Ever since I was a child I loved the theater: the energy, the lights, the music. I loved nearly everything but the pre-show jitters. Some people don’t get them, while others’ anxiety disappears once they get on stage. Some, like me, are stuck with them during the entire show, which is one of the reasons that I decided to try directing. While waiting in the wings or watching the monitor it seemed that I worried even more, however, the end result was worth all the jitters in the world.
I was longing for a chance to get back into theater, since I didn’t have time for it in high school. When I was a child I was in a number of productions, including The Music Man, Mother Goose’s Tales and the New Tampa Dance Theater’s Rhythm Makers.
I searched the local theaters’ Web sites and came across the Carrollwood Players. Their site announced their search for directors, novice to experienced, for their 10th annual One Act Weekends. The chance was ideal for me and my schedule. I quickly searched through my computer and sent my acting resume.
Two weeks later I received an e-mail congratulating and informing me that I was chosen as one of the directors. I was given the task of directing the play titled The Coach, written by William McNally, a Clearwater native.
The plot was simple: a female reporter has to find out how a football coach is motivating his team, but the coach is far from helpful. Then, later in the play, the reporter finds a softer side of the coach when an old friend of his comes to the field with his grandson. I was intrigued by the story since I also am a reporter and have been out of my element when writing an article.
For the first time I was on the other side of the auditions. I was the one judging and casting. I thought it would be hard to find the right people for the characters, but I was wrong. Some people clicked right away. One man walked in with an air of confidence and a powerful voice, and once he read the part of the coach, it was clear he would do it justice.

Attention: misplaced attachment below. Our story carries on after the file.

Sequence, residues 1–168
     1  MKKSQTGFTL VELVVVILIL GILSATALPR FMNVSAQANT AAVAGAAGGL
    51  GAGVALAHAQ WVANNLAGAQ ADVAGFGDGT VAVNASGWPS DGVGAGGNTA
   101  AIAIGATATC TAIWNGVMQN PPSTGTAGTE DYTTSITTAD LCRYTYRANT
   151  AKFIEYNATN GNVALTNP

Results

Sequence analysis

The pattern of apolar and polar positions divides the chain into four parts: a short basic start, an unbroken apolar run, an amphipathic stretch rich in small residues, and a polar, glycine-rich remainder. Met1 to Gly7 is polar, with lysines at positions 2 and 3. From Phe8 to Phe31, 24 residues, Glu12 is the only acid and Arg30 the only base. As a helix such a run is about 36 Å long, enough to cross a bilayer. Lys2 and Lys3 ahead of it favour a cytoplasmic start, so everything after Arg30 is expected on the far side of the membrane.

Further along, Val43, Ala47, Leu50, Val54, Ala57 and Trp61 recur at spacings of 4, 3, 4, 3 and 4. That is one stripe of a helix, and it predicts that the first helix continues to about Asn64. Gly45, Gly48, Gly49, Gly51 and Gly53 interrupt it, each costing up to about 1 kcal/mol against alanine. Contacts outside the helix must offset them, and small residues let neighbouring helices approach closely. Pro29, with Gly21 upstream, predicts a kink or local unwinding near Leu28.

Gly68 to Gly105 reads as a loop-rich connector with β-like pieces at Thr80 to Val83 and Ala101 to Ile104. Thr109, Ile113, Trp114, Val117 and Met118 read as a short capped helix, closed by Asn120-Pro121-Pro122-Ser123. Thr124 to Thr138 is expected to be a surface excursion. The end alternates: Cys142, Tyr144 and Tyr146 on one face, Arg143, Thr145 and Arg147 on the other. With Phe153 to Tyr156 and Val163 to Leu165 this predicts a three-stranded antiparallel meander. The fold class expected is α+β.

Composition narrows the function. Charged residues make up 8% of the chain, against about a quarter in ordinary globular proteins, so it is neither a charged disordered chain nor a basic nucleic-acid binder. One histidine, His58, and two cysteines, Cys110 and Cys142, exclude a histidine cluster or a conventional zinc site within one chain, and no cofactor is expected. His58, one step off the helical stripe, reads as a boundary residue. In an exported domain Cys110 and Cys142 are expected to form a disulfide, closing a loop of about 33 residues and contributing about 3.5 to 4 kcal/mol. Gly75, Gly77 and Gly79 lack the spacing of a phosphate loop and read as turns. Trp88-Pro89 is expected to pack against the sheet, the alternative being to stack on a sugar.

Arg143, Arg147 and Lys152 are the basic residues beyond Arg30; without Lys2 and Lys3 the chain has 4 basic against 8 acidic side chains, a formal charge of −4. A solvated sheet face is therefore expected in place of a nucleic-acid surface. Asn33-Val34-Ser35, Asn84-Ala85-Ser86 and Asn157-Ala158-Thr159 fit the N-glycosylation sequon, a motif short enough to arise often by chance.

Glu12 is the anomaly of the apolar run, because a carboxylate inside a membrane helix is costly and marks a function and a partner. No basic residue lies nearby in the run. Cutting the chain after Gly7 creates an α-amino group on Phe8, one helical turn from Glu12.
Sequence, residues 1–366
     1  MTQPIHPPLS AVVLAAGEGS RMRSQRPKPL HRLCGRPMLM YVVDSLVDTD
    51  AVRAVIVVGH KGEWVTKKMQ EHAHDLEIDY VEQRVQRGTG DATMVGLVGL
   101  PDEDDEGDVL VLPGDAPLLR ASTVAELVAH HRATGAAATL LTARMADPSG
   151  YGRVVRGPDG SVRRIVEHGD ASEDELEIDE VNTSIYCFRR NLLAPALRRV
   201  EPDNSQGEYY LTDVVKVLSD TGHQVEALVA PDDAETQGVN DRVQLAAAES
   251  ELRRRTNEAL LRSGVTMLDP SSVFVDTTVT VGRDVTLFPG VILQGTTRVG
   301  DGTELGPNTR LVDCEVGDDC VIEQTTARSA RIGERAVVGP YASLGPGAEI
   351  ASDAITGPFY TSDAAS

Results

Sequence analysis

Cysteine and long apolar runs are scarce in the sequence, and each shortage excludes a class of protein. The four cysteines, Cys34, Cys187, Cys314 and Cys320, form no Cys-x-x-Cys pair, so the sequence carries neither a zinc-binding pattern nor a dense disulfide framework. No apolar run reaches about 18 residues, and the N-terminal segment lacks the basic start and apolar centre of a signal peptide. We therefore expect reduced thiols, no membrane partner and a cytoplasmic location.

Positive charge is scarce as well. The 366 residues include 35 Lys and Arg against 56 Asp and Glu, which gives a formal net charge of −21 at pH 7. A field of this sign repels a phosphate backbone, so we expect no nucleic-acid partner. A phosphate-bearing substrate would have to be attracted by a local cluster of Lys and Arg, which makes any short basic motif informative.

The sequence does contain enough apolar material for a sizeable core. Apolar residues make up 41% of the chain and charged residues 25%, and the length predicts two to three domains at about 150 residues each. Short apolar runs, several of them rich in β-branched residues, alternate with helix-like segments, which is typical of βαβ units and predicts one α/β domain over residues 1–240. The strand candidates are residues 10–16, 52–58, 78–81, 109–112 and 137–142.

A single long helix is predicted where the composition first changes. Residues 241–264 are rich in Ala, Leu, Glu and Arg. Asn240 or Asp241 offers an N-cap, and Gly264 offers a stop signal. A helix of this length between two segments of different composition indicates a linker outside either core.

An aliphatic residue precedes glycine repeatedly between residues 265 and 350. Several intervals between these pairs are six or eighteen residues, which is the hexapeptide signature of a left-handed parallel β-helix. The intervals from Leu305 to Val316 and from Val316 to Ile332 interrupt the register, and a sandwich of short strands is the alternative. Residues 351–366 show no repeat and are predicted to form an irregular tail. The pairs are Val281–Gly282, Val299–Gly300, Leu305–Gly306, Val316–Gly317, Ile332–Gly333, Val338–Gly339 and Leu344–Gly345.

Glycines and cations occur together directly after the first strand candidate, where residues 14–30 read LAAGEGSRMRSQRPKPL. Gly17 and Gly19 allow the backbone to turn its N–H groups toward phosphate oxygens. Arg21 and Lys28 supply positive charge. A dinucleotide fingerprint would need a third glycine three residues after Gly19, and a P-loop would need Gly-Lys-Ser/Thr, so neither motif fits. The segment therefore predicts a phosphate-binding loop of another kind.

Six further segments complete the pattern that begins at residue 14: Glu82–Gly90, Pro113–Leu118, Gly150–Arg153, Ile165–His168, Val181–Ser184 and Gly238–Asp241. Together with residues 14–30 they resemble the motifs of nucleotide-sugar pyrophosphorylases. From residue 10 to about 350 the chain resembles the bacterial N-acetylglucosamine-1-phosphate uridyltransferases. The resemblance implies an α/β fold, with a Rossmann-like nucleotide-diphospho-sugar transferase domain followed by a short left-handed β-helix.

Even after finding my perfect cast, I hit a few snags. Two actors dropped out because of time restraints, and another was hospitalized for a few days.
Many people say that animals and children are hard to work with, but for me it was hard to work with people decades older and wiser then me. I was apprehensive since I didn’t know if they would take me seriously. However, once rehearsals got started and I realized that everyone wanted to be there and wanted the play to be perfect, I found it much easier to direct them.
I had a vision of how the play should be and the actors brought it to life. I told them where to enter and exit, how to deliver lines and what gestures to make. I listened to all the suggestions the cast made and we worked together to make the play as entertaining as possible.
On opening night I was surprised to find myself nervous, as if I were going on stage. I realized that despite the time and effort I’d invested I had no control over what would happen once the lights went up.
I watched from the monitor in the dressing room, hanging on every word and movement. Every time a line was messed up or something did not go as planned, I winced as if in dire pain.
After the show, however, I realized that no one else noticed the errors.
Saturday, the second night, was completely different. The theater was packed and the energy was contagious. I watched from the wings as everything fell into place perfectly. The cast delivered each line flawlessly while the audience reacted to each joke with thundering laughter.
It was when the stage went black and the audience cheered that I knew that all of the struggle and time was worth it. The experience taught me about how much work goes in to a production behind the curtain. Directors, managers and stage hands do as much work as the actors – if not more – without the glory or the spotlight. Despite that, I found that the pride I felt after watching the play was better than any curtain call.